The kinesthetic clarity in which Steve sat on the tall chair, the ease in which he got up to standing, the un-interfered energy that rippled through his hand and arm gestures as well as his face while articulating words was as mesmerizing as his past performances were.
Seeing and hearing Steve reminded me that our bodies hold our stories, our work, our strength, our life. Our body carries a wealth of information as it fuels our life. Our body as our loyal supporter and our home-base for this life. Just for a moment, imagine your life without your body? Our bodies can be like our dogs waiting loyally and patiently for us, for our mind to arrive in order for the party to start.
Every sentence, every thought Steve articulated verbally was supported by his kinesthetic self. You knew he wasn't making things up or was trying to get somewhere. He just was. He had lived his experience, his questions, his process. He mentioned that he wasn't looking for answers. It was and is his curiosity that lends momentum to his work. He showed up in synch with his body completely and 100%, not despite of it.
The alignment of speech and movement, of words and body, left me feeling calm, hopeful and inspired. I also was aware of the courage this alignment represents. This man, this movement artist, or researcher as he calls himself, isn't putting up a fight against his body, he lives with it, leans in to it and gives attention. His kinesthetic presence supports his notion:
"I like to research movement. I like to research the human body. The body is our final frontier"
As society we are busy flying to Mars and fighting wars on earth over geography, theology and matters that all lie outside ourselves. As humans we are fighting cancer, beating the odds, posturing ourselves to keep it all together and keeping our heads high.
Steve spoke about his interested in the sensation of the body and how he grows and trains his mind to have access to the sensation of his body.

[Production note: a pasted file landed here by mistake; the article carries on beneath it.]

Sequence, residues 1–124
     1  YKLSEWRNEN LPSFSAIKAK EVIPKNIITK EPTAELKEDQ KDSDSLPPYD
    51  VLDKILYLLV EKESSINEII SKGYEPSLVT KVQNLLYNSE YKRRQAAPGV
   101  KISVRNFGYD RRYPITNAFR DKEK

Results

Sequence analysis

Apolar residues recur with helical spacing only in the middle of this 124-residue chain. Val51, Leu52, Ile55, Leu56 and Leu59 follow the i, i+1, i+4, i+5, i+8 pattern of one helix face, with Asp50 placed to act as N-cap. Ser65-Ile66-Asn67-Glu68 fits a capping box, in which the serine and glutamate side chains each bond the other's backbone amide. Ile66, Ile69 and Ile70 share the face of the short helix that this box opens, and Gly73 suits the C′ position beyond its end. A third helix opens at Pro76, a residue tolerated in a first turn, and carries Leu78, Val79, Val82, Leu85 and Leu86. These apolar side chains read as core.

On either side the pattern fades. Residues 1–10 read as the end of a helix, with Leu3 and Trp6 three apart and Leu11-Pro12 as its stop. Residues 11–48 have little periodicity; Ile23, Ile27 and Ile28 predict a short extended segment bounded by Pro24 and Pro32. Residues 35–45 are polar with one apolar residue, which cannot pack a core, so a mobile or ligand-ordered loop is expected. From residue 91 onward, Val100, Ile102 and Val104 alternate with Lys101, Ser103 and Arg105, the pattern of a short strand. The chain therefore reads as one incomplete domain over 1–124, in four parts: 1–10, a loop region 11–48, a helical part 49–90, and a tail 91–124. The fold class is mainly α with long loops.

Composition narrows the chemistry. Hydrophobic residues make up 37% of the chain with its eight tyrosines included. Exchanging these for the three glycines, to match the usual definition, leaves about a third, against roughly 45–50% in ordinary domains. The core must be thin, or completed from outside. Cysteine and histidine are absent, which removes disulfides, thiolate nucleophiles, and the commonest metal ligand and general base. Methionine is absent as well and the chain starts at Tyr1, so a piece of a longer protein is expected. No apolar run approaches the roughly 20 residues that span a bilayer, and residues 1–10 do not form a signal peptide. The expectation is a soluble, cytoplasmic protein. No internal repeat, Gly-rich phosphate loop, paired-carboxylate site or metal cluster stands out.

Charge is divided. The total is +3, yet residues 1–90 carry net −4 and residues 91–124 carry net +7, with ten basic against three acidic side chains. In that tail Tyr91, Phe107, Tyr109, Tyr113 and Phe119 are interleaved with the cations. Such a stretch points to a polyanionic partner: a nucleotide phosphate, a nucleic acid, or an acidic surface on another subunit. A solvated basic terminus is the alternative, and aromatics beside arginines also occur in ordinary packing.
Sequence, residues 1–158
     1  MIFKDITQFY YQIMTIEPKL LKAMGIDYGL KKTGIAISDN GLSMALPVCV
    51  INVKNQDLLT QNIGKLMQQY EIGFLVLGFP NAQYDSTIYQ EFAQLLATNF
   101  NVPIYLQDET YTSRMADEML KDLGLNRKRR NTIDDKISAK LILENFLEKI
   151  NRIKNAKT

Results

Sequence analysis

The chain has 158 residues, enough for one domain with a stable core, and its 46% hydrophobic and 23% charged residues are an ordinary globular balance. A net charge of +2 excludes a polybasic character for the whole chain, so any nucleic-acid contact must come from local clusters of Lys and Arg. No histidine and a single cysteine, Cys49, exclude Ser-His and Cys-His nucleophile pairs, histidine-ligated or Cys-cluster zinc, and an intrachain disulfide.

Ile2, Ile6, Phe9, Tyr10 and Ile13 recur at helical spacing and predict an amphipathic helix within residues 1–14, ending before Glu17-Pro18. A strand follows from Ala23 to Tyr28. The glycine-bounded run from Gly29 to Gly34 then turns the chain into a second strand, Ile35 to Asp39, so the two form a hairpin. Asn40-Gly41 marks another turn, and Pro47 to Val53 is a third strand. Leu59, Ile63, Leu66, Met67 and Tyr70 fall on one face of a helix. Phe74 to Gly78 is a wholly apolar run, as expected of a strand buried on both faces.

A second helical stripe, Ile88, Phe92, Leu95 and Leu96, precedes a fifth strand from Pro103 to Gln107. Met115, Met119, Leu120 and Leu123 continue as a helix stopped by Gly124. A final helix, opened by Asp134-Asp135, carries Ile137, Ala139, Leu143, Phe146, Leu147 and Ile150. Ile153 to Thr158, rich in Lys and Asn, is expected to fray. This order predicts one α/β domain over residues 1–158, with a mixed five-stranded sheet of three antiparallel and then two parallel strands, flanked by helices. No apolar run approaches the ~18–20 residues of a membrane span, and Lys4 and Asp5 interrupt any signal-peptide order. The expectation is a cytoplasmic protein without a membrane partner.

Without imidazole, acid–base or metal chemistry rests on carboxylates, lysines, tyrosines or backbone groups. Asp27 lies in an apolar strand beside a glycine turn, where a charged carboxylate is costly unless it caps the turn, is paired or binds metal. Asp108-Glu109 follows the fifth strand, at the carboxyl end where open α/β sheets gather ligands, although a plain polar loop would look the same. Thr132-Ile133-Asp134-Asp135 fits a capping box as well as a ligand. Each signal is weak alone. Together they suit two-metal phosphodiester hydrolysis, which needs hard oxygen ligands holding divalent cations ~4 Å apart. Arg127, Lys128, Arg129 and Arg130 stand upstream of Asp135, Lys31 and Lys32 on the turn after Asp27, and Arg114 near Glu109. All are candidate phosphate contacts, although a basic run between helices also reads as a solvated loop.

I am thinking of Jacque Cousteau's underwater research. Through his books and films he was able to share his findings and process of a world, a frontier, that would otherwise be inaccessible to most of us. At the same time this part of our world that's under water is an important part of the planet we call our home. His work was important in making our ecological understanding a bit more whole.
With familiarity and understanding comes a sense of affiliation and benevolence.
We want to protect and nurture what's close to us, what we understand. It's the unknown, the unfamiliar that's the enemy.
With an understanding of the depth of our body, our kinesthetic self, this part of us that makes up 80% of our communication, becomes familiar. It becomes a vital rather than only necessary part of us and can make us feel a bit more whole.
Steve described how the mind needs to be able to witness our body. Based on the information our mind receives from our kinesthetic self, we then put ourselves in action. The plan of action can get readjusted every split second. It's up to a fraction of a second before we execute a movement that we do have the ability to change that movement. Our mind and body are brilliantly nimble that way.
In order for this highly sophisticated mechanism and internal complex feedback loop to work for our best, all we need to do is give attention. Mindful movement - movement full of mind.... mind not ego.
What happens when you listen to your kinesthetic self just for a brief moment before you begin sitting on that chair in front of you?
Don't be afraid or worried if you don't get any feedback on that first listen. It takes a while for your system to adjust, to understand that you actually joined the party. Just keep sticking around and listen in to the conversation of your kinesthetic self. Soon you will be in the loop of feedback and feed forward. This will allow you to be part of the process of , for example, sitting on that chair that's still waiting patiently in front of you - no ego attached. Just like your dog at home is waiting for you to arrive at the end of day.